(If you are new to this story you can find Part One here!)
It was almost ridiculous in its simplicity. As the Elder had explained a mere half hour before the effects of the gas were brought on through contact or more specifically by allowing the gas to enter the body. To that end the solution was fairly simple: scarves or scraps of cloth wrapped around the mouth would prevent direct contact with the gas, though the Elder also warned that prolonged exposure would render any deterrent ineffectual. That meant they had to keep moving and fast. Simple enough, but still Odius could not bring himself to fully trust the old man. Sages were not known for their diplomacy, and he was beginning to suspect that the Elder had plans of his own. Plans that did not necessarily require the survival of his expedition.
Conversation was kept to a minimum. This pleased Odius greatly, after all closed mouths could not speak of conspiracy and it was not as though the men could nod or glance their way into a mutiny. For the time being at least the expedition was safe.
Even so, the men’s reaction to their orders were met with some apprehension. Most accepted their leader’s rationale without question, but a fair number seemed almost to prefer the irrational, complying with the orders but whispering prayers as they did so. More fool them if they are overcome by the gas, thought Odius maliciously. Slaves to superstition being poisoned by the very thing they refused to accept would serve as fair warning to the others of the dangers inherent to such lines of thought.
They marched in a box formation, every man in their row responsible for the others and constantly keeping watch in case one of their number should fall under the cloud’s influence. They had made good time in spite of the loss of the scouts and the addition of an unconscious passenger. A decision had been made to leave the supply tent behind, it would have taken too long to deconstruct anyway and Odius doubted they would actually need it. If the settlement was as he had seen then there would be space enough to store supplies in one of the buildings. He looked forward to the challenge ahead and the promise of finally reaching their goal.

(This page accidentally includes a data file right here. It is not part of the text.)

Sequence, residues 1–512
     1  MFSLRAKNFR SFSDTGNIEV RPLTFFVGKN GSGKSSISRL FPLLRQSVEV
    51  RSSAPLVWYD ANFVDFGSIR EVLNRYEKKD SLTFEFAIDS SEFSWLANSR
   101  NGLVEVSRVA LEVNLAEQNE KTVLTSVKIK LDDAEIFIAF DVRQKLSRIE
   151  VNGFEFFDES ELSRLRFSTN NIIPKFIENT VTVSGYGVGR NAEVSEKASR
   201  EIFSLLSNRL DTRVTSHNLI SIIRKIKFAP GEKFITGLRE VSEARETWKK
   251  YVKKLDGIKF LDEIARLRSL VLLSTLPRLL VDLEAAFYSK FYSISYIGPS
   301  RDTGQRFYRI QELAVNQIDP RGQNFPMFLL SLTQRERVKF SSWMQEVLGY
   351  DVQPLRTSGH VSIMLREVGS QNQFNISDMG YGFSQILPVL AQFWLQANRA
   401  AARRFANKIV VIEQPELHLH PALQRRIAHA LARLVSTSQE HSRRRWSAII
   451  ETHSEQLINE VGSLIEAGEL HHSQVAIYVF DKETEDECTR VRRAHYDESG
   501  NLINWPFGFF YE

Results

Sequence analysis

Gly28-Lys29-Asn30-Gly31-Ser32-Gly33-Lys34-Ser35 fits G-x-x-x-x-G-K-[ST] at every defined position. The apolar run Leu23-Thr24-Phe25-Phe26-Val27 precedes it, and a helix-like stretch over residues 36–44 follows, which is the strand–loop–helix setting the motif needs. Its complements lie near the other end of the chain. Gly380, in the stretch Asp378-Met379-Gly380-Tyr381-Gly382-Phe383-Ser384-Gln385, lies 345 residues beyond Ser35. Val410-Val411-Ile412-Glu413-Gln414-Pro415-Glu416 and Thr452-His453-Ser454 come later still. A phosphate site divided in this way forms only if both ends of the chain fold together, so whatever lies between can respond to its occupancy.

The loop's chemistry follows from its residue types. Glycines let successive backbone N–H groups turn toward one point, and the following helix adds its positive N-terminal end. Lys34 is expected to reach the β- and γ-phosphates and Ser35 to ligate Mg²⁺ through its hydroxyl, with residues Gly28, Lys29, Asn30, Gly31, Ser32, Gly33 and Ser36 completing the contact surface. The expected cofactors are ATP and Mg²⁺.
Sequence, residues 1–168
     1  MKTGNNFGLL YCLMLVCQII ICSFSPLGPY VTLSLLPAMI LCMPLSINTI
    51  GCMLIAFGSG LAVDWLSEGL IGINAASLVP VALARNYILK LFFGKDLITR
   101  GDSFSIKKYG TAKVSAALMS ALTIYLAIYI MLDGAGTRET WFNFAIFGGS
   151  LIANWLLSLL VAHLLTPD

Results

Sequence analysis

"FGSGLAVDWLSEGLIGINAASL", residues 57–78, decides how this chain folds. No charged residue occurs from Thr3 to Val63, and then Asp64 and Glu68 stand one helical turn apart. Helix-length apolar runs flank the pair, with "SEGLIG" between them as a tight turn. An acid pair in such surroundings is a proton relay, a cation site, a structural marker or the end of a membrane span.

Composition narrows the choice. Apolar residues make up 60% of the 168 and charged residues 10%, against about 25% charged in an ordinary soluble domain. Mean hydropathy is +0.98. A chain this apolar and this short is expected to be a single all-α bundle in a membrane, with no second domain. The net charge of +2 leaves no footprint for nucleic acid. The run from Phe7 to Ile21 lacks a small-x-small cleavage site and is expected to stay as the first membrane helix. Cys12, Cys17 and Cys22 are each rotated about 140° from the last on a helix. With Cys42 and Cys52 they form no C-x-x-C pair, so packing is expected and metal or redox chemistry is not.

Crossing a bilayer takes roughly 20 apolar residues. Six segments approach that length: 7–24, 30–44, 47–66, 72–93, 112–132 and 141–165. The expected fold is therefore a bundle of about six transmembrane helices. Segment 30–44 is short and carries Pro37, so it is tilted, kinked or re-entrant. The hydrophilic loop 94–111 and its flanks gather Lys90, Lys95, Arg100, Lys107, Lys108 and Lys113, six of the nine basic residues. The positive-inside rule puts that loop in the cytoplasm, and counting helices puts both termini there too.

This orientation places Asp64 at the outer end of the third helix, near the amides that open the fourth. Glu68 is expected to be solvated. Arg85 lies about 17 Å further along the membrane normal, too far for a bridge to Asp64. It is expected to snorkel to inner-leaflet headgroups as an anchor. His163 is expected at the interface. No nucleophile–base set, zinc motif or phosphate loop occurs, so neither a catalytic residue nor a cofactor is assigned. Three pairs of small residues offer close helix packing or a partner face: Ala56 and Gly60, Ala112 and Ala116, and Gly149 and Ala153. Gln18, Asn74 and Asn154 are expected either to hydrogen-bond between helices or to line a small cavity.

‘We’re a man down,’ said Jethrin, mindful to open his mouth the minimum required as he formed each word. ‘Don’t look round, but we seem to have lost one from the back row.’
Odius looked at Jethrin instead, letting his furrowed brow do the talking that he dared not do himself. His retainer merely shook his head, keeping one watchful eye on his lord and the other on the back row of soldiers who were marching onwards in spite of the gap in their ranks.
‘Should we turn back?’ asked Jethrin. Lord Drovalak shook his head again; the idea of turning around now was all but insulting. They had made more progress than the scouts, and not one of the men had shown signs of succumbing to the gas. Either the Elder had lied to him yet again, or more likely the deterrent was simply working more effectively than hoped. Regardless he would not lose ground searching for a single man that had more than likely simply taken the chance to run off on his own.
‘Send a scout if you must,’ said Odius, the idiocy of the statement hitting him after the words left his lips. ‘Send three of the soldiers from the back row. Three should be enough to keep track of one another and still find their way back to us.’
His retainer nodded in agreement, and made to turn his horse around when his lord stopped him, indicating three of the mumbling soldiers as candidates for the task. Jethrin acknowledged this with another curt nod and set about trying to explain the order to them without opening his mouth, a task that took him the better part of five minutes. Odius smiled to himself, realising then that it didn’t really matter what became of the three men. They could be lost in the mist or overcome by its effects and it still wouldn’t matter, the taint of their superstitious nonsense would be removed, and though they were far from the only ones it would at least be a start.